Sunday, June 05, 2011

Native Seed Growers Seedling Pick-up Day

Volunteers are such friendly helpful people.
I was able to schedule an appointment for pickup and preorder the plants from the available list online. Then a helpful volunteer had the plants ready and waiting when we arrived.
Native Seed Growers

Set-up in the shade of trees were tables of trays full of seedlings looking for a home, just in case you had not pre-ordered or were able to take a few of the extras. Someone was there to help walk you through the plants and assist with removing plugs from the plant trays.

The above photo is of the four sunny prairie plants that I chose. We were encouraged to take at least three of each.

Set right to potting up to hold the seedlings for a bit while the planting area is finished.

Aster oblongifolius / Aromatic AsterLate blooming; one of the last asters to bloom. Once established this aster is drought tolerant. The flowerheads and crushed foliage are fragrant.

Compact form, with small stiff leaves. The entire plant is covered with flower heads when in bloom. Well suited for small spaces as the plant doesn't flop over when flowering.



The seed matures during late October-November. When the seed head is tan and fluffy, the seeds can be carefully removed so as to not disturb adjacent mature seed heads which can easily lose its seed if it is slightly bumped.

Allow the seeds to air-dry completely to assure that all moisture in the seed is removed for storage.

Baptisia leucophaea / Cream False IndigoOne of the first plants to bloom in the prairie, the blooms are lush but brief. The cream-colored flower groups are borne laterally near the ground in the spring. This plant develops slowly and once established it should not be transplanted.
The foliage can be easily damaged in the wind therefore it needs support from companion plants, particularly little bluestem.

Suggested Companion Plants:
Little Bluestem, Rough Blazingstar, Spiderwort, Leadplant.

Indigo is not normally bothered by mammalian herbivores because the foliage is poisonous. If livestock, such as horses, eat sufficient quantities of this plant, as well as other wild indigos, they can be seriously poisoned by it.

This plant is pollinated primarily by queen bumblebees.

How to collect the seeds:

Seed pods are elliptical, fuzzy and have a pointed beak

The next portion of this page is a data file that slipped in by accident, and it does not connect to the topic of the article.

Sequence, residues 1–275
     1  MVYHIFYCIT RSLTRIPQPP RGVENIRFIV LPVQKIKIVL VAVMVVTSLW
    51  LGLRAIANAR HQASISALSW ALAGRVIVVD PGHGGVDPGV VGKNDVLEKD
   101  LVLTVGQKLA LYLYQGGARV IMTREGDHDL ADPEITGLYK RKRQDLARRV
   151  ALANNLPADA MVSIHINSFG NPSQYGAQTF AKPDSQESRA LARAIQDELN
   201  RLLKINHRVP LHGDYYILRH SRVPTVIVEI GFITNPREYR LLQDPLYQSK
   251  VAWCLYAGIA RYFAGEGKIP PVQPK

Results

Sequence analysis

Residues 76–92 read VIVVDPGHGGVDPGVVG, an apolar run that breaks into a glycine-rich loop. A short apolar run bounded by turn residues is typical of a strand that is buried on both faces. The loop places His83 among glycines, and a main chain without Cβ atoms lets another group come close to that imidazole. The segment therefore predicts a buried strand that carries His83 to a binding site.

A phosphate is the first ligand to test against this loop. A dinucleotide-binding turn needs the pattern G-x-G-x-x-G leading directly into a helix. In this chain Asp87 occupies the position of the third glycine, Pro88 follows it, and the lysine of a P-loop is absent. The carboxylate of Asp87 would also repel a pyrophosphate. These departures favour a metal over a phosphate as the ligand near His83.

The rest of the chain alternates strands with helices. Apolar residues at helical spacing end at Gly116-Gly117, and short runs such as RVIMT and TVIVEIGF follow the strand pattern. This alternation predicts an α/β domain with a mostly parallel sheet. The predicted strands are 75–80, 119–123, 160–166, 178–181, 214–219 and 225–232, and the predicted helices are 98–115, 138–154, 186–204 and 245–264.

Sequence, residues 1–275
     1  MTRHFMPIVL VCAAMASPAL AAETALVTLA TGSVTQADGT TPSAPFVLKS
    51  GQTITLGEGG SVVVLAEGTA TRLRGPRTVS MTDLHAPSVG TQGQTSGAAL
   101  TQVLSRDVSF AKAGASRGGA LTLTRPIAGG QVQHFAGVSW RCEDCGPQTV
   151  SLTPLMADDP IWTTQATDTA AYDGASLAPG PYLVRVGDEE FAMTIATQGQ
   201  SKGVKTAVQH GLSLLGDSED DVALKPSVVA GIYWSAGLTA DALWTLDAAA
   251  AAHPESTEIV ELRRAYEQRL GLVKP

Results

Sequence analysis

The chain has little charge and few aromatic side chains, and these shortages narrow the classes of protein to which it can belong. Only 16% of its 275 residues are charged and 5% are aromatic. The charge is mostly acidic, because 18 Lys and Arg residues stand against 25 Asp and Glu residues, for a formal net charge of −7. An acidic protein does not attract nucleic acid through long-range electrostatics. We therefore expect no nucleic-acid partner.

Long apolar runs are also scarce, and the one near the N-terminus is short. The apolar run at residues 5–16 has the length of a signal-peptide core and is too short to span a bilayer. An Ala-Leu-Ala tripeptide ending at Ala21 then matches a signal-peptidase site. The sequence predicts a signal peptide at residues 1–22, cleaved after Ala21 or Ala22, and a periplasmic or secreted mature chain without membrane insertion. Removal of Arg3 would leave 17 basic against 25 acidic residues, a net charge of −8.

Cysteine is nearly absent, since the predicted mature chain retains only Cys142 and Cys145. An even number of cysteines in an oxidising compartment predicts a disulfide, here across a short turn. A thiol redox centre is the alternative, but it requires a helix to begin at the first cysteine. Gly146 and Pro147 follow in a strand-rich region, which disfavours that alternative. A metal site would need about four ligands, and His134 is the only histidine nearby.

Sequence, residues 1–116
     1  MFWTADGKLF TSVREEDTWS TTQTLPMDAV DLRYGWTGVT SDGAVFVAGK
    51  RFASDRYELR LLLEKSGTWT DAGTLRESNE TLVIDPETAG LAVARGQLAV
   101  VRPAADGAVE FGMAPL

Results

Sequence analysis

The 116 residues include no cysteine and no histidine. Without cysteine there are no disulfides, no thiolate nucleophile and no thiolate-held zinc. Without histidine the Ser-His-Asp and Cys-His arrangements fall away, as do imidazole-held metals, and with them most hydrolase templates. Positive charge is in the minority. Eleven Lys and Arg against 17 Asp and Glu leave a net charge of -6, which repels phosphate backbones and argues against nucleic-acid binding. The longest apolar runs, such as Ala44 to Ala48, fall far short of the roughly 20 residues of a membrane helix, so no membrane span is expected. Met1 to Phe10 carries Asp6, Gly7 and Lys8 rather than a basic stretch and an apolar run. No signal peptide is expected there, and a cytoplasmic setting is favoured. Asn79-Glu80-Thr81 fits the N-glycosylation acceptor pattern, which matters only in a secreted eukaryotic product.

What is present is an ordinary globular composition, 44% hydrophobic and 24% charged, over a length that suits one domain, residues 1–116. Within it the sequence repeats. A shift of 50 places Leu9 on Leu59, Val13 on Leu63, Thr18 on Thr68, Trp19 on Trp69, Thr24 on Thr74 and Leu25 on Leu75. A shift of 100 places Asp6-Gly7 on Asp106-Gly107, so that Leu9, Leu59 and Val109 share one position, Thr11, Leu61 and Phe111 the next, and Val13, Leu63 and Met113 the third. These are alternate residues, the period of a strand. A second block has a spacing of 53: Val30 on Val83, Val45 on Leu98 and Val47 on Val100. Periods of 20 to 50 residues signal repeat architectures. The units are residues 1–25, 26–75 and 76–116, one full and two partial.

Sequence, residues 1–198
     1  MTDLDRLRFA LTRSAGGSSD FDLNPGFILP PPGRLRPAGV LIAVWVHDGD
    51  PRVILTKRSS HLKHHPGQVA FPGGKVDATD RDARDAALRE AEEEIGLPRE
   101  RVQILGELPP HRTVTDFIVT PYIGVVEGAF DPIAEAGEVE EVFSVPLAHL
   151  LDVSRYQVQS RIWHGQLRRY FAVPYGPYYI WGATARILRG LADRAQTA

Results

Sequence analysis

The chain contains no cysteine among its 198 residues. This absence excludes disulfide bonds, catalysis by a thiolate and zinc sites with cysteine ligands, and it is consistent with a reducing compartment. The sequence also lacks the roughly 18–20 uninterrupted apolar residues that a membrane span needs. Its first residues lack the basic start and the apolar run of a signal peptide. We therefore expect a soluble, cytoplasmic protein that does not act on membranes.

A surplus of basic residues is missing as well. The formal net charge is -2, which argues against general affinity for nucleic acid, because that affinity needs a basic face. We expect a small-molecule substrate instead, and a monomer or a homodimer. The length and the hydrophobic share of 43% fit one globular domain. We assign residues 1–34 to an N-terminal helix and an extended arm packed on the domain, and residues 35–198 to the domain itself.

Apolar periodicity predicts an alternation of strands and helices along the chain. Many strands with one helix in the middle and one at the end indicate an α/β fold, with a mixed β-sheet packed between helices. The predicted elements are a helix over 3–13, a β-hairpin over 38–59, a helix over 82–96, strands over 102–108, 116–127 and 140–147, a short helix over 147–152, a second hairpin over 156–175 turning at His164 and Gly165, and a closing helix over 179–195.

Psoralea tenuiflora / Scurfy PeaAn open, bushy plant with gray hairy stems. Very intolerant of root disturbance, they are best planted into their permanent locations.
The plant is a good soil stabilizer.

Suggested companion plants:
Downy Phlox, Little Bluestem Grass, Purple coneflower.

How to Collect the Seeds:
A one-seeded pods are 3/16” long and are covered with black spots.

wisconsin plants panic grass

Family Poaceae
Dichanthelium leibergii (Vasey) Freckmann
Leiberg's panic grass, prairie panic grass
Dichanthelium: Greek dich for "two" and anthelium for "flowering" - a fair translation is "twice-flowering"
leibergii: for John Bernhard Leiberg (1853-1913), its discoverer

Panicum leibergii / Leiberg’s Panic GrassA characteristic grass of dry prairies. Among the rosette grasses, Leiberg’s panicgrass is recognized by having leaf blades that are hairy on both surfaces.

Foliage may be grazed by herbivores.

Suggested companion plants:
Prairie alumroot, Hoary Puccoon, Heath Aster, Wild Bergamot.

How to Collect the Seeds:
Leiberg’s panicgrass is characterized by two distinct blooming periods. The primary flowering heads are eventually held above the foliage and are produced from late May into early June. The secondary flowering heads are produced from the leaf axils from late June into September. The primary flowering heads usually have a lower seed set than the secondary ones, which have flowers that remain closed and are self-pollinated.

The small tan, round seeds are mature when they are easily pulled from the stem.

Allow the seeds to air-dry completely to assure that all moisture in the seed is removed for storage.


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